Last Updated on March 30, 2023 by Mary Elle
I’m not sure how I found The Rose Code. It’s the first book I’ve read by author Kate Quinn. Not knowing what to expect, and a little skeptical about the length of the book (it’s a long one!), I dived into it anyway.
I’m so glad I did.
Here’s my review , where you’ll find out a little bit more about The Rose Code, about the author and most importantly, what I thought of this book. Did I think it’s a read, a re-read, or a reconsider?
Stay with me for a bit to find out.
The Rose Code is an interesting historical fiction novel published by author Kate Quinn in March 2021.
Yes, I’m actually writing this review over a year after the original publication date and the date that I actually first read this book. You’ll find out why later…
Kate Quinn is an American New York Times and USA Today bestselling author of historical fiction.
For some reason, Kate just wasn’t on my reading radar until The Rose Code was published in 2021. I’m not really sure why.
Publishers Synopsis of The Rose Code
1940. As England prepares to fight the Nazis, three very different women answer the call to the mysterious country estate Bletchley Park, where the best minds in Britain train to break German military codes. Vivacious debutante Osla is the girl who has everything—beauty, wealth, and the dashing Prince Philip of Greece sending her roses—but she burns to prove herself as more than a society girl, and puts her fluent German to use as a translator of decoded enemy secrets. Imperious self-made Mab, a product of east-end London poverty, works the legendary codebreaking machines as she conceals old wounds and looks for a socially advantageous husband. Both Osla and Mab are quick to see the potential in local village spinster Beth, whose shyness conceals a brilliant facility with puzzles, and soon Beth spreads her wings as one of the Park’s few female cryptanalysts. But war, loss, and the impossible pressure of secrecy will tear the three apart.
1947. As the royal wedding of Princess Elizabeth and Prince Philip whips post-war Britain into a fever, three friends-turned-enemies are reunited by a mysterious encrypted letter–the key to which lies buried in the long-ago betrayal that destroyed their friendship and left one of them confined to an asylum. A mysterious traitor has emerged from the shadows of their Bletchley Park past, and now Osla, Mab, and Beth must resurrect their old alliance and crack one last code together. But each petal they remove from the rose code brings danger–and their true enemy–closer…
The Rose Code – What I
Yep, I don’t usually say “loved” here in this section. And it’s not a typo that I forgot to remove!
But when the word “loved” is appropriate, nothing else will suffice.
So, The Rose Code is set in England (mostly) during the WWII years and also slightly after them in 1947. Historical fiction set in this time period is one of my favorite genres.
The story is centered around Bletchley Park and the code-breaking that happened there during WWII. I’m completely fascinated by Bletchley Park and just can’t learn enough about it.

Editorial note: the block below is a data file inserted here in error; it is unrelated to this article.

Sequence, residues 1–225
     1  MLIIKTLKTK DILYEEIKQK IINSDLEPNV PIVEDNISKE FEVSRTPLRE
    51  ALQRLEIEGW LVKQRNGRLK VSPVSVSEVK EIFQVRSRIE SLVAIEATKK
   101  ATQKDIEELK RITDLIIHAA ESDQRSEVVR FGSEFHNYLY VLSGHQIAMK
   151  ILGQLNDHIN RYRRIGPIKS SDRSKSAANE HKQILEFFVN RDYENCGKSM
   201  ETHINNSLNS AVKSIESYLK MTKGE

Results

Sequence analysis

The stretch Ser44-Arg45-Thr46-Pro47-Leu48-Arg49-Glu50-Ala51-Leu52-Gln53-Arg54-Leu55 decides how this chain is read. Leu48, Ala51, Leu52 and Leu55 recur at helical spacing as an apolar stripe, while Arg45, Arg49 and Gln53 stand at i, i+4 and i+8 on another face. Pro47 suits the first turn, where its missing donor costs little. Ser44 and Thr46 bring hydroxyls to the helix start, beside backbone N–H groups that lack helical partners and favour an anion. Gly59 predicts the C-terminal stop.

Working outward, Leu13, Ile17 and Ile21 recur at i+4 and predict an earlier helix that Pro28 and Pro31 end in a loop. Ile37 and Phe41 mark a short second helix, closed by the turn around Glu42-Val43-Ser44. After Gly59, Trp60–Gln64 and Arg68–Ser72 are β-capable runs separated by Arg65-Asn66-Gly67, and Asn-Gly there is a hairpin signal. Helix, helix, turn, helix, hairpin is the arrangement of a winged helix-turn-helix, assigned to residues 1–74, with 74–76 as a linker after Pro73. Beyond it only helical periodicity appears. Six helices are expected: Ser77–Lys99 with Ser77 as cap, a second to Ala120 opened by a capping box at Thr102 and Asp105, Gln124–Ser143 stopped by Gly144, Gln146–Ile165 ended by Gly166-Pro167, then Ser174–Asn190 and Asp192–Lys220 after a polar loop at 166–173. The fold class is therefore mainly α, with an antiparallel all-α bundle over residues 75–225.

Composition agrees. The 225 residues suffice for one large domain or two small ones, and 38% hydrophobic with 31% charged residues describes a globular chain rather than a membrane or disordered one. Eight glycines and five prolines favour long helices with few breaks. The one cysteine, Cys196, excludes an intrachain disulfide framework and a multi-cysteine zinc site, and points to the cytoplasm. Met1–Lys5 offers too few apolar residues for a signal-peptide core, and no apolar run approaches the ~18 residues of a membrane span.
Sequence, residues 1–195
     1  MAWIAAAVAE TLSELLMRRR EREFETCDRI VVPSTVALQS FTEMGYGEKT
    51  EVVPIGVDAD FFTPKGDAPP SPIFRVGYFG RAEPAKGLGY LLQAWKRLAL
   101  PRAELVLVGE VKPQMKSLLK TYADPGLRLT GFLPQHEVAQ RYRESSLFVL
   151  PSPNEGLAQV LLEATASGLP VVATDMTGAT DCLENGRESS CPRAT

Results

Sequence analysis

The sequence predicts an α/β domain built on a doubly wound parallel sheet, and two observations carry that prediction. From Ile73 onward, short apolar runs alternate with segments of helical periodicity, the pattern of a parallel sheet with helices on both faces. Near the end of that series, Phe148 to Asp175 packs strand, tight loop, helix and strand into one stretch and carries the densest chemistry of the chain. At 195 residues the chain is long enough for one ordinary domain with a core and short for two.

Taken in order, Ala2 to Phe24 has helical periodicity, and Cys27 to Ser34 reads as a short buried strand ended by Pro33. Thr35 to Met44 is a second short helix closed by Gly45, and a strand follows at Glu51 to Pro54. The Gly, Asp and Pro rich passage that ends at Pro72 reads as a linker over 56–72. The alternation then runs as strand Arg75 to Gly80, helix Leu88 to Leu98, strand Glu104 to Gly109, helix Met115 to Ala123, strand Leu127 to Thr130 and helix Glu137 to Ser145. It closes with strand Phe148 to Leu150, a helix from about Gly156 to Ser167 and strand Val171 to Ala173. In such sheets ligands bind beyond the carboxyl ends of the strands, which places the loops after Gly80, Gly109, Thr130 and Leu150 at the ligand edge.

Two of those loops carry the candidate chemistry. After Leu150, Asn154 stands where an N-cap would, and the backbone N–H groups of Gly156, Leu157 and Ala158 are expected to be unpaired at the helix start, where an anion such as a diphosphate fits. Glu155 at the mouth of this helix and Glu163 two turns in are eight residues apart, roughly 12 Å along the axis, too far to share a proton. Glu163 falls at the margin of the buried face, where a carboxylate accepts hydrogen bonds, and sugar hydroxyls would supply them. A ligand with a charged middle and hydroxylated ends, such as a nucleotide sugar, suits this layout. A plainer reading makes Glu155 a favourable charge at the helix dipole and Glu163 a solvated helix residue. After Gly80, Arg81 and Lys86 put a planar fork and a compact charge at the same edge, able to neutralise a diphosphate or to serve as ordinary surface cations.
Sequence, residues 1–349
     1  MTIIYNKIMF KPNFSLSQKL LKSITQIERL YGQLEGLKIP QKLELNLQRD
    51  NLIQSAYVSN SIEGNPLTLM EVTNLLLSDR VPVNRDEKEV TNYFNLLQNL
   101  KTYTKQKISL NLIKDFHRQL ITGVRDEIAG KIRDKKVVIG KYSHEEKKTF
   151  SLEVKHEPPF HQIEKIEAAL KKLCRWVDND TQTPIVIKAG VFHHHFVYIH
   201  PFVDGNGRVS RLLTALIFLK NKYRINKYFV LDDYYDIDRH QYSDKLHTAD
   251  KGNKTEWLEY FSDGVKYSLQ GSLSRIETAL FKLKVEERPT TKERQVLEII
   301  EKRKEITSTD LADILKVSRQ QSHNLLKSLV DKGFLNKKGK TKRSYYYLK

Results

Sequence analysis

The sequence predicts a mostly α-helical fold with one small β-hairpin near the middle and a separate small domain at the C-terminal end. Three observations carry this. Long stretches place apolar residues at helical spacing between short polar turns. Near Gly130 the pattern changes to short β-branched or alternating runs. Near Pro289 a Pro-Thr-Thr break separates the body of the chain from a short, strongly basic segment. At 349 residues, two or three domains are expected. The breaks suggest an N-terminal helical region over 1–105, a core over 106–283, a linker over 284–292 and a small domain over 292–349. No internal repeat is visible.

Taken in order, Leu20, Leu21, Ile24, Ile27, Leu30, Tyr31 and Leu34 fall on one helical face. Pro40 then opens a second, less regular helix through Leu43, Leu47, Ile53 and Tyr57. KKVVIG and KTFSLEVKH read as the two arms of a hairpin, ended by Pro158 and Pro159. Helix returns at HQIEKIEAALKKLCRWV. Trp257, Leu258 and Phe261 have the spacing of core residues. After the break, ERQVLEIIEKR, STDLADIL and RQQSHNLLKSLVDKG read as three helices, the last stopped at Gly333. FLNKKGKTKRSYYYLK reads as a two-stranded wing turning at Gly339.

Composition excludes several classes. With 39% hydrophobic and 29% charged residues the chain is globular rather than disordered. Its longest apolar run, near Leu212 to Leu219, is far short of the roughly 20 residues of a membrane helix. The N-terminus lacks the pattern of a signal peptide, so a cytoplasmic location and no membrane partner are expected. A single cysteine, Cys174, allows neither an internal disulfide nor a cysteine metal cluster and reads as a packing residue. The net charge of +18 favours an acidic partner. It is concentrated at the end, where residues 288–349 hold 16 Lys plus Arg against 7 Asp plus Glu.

This book was so specific in describing what happened at Bletchley, and in describing the code-breaking machines and how they looked, worked, and sounded, that I was constantly Googling facts about them along with images so I could really visualize in my mind what they were talking about.
There were three main female characters that were all endearing in their own way. I felt a special connection of some sort to all of them.
Despite the fact that in general, The Rose Code was about some very dismal times in our history, I still felt it to be somewhat of an uplifting book in a way, probably because of the connection I felt with the characters.
This is a fast-paced book and I couldn’t put it down.
This book is complete with romance, wartime espionage, treason, suspense, and top-secret jobs carried out by characters I loved, and these things combined will just sweep you away while showing you the incredible sacrifices made by the very talented real codebreakers of Bletchley Park.
The Rose Code – What I Didn’t Like
I loved every single part of this book. I can’t think of any single thing that I disliked.
The Rose Code – Read, ReRead or Reconsider
And now for my 3 Rs of book reviews. Read, ReRead or Reconsider?
For me, this one is a ReRead! It’s a long, complicated book that was excellent the first time I read it. I’m rereading it to fully savor the intricacies of the book and I’m uncovering tidbits that I sort of missed on the first read.
I recently read The Diamond Eye by Kate Quinn, and it wasn’t until after I read that one that I felt compelled to reread The Rose Code and review them both.
I highly recommend The Rose Code.
You can check out The Rose Code along with other books by Kate Quinn on the Kate Quinn Amazon author page.
And if you’re looking for more in this genre, then head over and explore more historical fiction now.
- Book Review: The Paris Librarian by Janet Skeslien Charles
- Review: The Inheritance by Joanne Ross
- Review: The Keeper of Happy Endings by Barbara Davis
- Kristin Hannah Books In Order (A Complete List)
- Review: The French Gift by Kirsty Manning
- Review: The Last Daughter of York by Nicola Cornick
- Review: City of Time and Magic by Paula Brackston
- Review: The London House by Katherine Reay
- Review: The Duchess by Wendy Holden
- Historical Fiction – Ultimate Guide To Escaping Into the Past
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